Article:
gb_trees:search/3

Sven-Olof Nystr|m <>
Tue Sep 13 14:58:42 CEST 2005


Ulf Wiger (AL/EAB) writes:
 > >  > I'm sure you could do a lot of other stuff with
 > > search/3 too.
 > > 
 > > I'm not so sure. I can think of a few others, such as
 > > building (unbalanced) trees of all nodes greater or
 > > smaller than a given key, but I don't think you could
 > > do much else with the search function.
 > 
 > Well, we're both wrong, as it turns out. (:
 > As written, you probably cannot do much else with it,

That was my point.

 > and in fact not even what you suggest, since there 
 > is no way to make sure that you actually find all nodes
 > greater or smaller than a given key (since it always 
 > goes down only one branch). 

I disagree, but it's not very interesting, so I'll let it drop.


 > New attempt:
 > 
 > search_1(_Fun, Acc, nil) ->

[snip]

 > The first example doesn't really introduce
 > anything new, as it scans the whole tree
 > (most likely less efficient than iterator())

or to_list().


[Moved example]
 > 14> F1 = fun(K,V,Acc) when K > 5 ->
 >  {smaller,Acc}; (K,V,Acc) ->
 >  {both,[{K,V}|Acc]} end.
 > #Fun<erl_eval.18.103411980>
 > 
 > 15> vccTree:search(F1,[],T2). 
 > [{4,b},{5,a},{2,b},{3,a},{1,a}]
 > 

 > 
 > The second example is almost equivalend to 
 > ets:select/2 on an ordered_set, but with the 
 > difference (as of now) that ets:select/2 will
 > scan the whole table if at least the first part
 > of the key isn't bound(*). Now, this is a feature
 > that at least I use _a lot_.

So you scan the part of a tree where keys are smaller than 5.

See my comment at the end for alternative ways to provide this
functionality in gb_trees.



 > (*) Also with the difference that my function
 > screws up the order.

Too bad.


 > >  > There's probably a more elegant construct
 > >  > that would solve the problem with equal
 > >  > or better efficiency. Please go ahead and
 > >  > suggest better ways.
 > > 
 > > See your next mail :-)
 > 
 > Not fair, as it solved another problem. (:
 > I want to support both getting the first
 > available free resource, and reserving
 > a specific resource (c.f. UNIX sockets.)

OK. I actually didn't realise that they implemented different
functions.


 > >  > free/2 is more involved as it needs to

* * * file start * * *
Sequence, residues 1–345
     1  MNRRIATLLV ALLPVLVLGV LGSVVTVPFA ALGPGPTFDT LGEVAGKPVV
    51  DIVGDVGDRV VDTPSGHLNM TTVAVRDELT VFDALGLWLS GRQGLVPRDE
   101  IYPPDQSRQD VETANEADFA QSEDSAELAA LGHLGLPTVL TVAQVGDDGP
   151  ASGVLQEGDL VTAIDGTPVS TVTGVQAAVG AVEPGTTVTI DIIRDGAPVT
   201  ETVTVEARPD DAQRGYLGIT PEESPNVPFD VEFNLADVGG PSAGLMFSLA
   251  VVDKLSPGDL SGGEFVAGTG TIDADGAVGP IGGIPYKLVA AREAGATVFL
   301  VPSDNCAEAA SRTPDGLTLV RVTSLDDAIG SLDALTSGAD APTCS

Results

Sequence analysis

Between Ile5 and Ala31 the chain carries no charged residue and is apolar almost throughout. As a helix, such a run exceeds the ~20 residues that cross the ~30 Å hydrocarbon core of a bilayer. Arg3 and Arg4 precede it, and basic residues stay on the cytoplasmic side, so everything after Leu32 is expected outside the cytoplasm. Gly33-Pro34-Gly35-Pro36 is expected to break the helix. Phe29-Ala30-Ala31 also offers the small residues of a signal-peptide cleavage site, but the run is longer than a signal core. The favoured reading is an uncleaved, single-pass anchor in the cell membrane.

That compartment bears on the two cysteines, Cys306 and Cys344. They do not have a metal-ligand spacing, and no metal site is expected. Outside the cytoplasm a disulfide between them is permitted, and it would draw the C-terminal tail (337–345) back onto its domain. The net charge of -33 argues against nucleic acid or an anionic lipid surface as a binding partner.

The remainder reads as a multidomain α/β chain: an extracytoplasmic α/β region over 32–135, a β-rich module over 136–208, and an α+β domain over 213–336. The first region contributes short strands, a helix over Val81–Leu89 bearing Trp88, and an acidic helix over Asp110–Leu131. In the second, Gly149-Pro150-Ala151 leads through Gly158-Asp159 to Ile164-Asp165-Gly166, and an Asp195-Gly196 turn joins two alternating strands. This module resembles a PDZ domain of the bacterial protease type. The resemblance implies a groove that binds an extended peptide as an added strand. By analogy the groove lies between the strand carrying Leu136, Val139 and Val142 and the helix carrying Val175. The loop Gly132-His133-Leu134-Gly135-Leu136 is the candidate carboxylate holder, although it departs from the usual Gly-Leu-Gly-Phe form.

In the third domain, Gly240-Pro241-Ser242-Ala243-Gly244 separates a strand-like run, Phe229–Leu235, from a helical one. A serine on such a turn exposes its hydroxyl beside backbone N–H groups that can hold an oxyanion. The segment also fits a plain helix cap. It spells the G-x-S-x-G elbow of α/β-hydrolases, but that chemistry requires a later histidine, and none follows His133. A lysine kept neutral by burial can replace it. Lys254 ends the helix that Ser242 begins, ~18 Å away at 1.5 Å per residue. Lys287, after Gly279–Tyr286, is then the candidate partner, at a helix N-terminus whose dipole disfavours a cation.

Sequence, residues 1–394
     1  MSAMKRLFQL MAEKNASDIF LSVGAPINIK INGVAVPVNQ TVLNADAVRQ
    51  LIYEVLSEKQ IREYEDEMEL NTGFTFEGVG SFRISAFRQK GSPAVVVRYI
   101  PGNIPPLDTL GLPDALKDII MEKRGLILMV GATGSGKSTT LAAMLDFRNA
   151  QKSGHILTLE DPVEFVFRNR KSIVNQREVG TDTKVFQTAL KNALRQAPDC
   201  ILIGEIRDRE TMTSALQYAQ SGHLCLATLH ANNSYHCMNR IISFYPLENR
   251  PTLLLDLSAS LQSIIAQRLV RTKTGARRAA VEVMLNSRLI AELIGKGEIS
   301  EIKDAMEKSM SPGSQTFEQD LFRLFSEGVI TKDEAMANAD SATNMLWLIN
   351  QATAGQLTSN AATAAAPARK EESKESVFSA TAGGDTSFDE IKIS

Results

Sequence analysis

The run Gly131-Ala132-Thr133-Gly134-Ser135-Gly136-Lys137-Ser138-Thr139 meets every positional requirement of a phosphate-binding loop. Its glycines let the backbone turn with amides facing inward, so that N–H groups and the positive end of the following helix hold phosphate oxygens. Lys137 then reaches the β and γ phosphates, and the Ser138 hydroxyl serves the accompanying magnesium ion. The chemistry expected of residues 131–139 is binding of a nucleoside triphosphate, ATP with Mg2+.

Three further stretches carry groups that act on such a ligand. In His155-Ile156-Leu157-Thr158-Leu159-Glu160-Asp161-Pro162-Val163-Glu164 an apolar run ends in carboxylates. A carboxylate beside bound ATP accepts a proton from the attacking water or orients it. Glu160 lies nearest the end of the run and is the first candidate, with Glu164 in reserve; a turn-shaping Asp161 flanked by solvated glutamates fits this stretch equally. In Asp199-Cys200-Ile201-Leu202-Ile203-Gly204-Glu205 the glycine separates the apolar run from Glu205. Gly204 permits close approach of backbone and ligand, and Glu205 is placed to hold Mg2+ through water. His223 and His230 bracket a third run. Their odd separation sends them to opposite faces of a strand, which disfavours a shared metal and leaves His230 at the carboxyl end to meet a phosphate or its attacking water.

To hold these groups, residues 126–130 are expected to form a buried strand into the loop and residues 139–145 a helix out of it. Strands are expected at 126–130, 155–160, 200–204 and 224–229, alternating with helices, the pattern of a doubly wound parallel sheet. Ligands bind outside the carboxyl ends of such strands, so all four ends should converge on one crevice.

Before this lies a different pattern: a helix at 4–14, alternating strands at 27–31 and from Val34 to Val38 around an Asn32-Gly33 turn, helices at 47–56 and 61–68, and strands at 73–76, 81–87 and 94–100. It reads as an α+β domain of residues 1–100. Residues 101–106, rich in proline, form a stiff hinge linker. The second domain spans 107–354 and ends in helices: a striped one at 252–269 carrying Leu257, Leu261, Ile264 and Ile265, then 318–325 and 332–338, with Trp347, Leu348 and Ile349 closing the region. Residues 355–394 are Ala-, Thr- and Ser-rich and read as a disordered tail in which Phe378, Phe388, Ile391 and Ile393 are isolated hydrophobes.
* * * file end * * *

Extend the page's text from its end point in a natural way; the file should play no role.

> >  > de-fragment the tree, but that would be
 > >  > done along the same lines as reserve/2,
 > >  > using the gb_trees:search/3 function.
 > > 
 > > Why defragment? The cost of defragmentation 
 > > could easily exeed the cost of having a
 > > fragmented tree in memory (unless you need to be
 > > able to allocate contiguous sequences of resources,
 > > of course).
 > 
 > Yes, I do that too.

OK. 


 > My intention was to allow a very large virtual range. 
 > allocated. BTW, the code to free resources and 
 > de-fragment looks pretty much like this:
 > 
 > do_free_x(Id, Free) ->
 >     Prev = prev(Id, Free),
 >     Next = next(Id, Free),
 >     case {Prev, Next} of
 > 	{{value,{A,B}}, _} when A >= Id, Id >= B ->
 > 	    erlang:error({not_reserved, Id});
 > 	{_, {value,{C,D}}} when C >= Id, Id >= D ->
 > 	    erlang:error({not_reserved, Id});
 > 	{{value,{A,B}}, {value,{C,D}}} when B == Id-1, C == Id+1 ->
 > 	    Free1 = delete(C, Free),
 > 	    update(A, D, Free1);
 > 	{_, {value,{C,D}}} when Id+1 == C ->
 > 	    Free1 = delete(C, Free),
 > 	    insert(Id, D, Free1);
 > 	{{value,{A,B}}, _} when B+1 == Id ->
 > 	    update(A, Id, Free);
 > 	Other ->
 > 	    insert(Id, Id, Free)
 >     end.
 > 
 > 
 > Ony my SunBlade, reserving and freeing resources
 > with gb_trees takes about 20-30 microsecs on a 
 > small tree, and about 40 usecs on a large one 
 > (10,000 nodes).

That's nice. 

 > 
 > Forgetting about this particular example, having
 > previous(), next() and an efficient way to select
 > nodes in a tree without having to traverse the 
 > whole tree would be useful, don't you think?

Sure, previous() and next() could be useful. I would prefer more
descriptive names, such as lookup_smaller() and lookup_larger(). Also,
I think they should always return a strictly smaller/larger key, even
if the given key is present.


 > Today, you can do that with ets ordered_set, but
 > not easily with any of the functional data 
 > structures provided by OTP.

Currently, iterators can only be used to scan the tree from start, One
might consider iterators that start the scan from a point in the
middle of the tree (from a given key), or iterators that scan the
tree backwards.

Another way to do partial scans might be a function 

to_list(Key1, Key2) 

that returns a list of the entries in the tree between the two keys.




Sven-Olof



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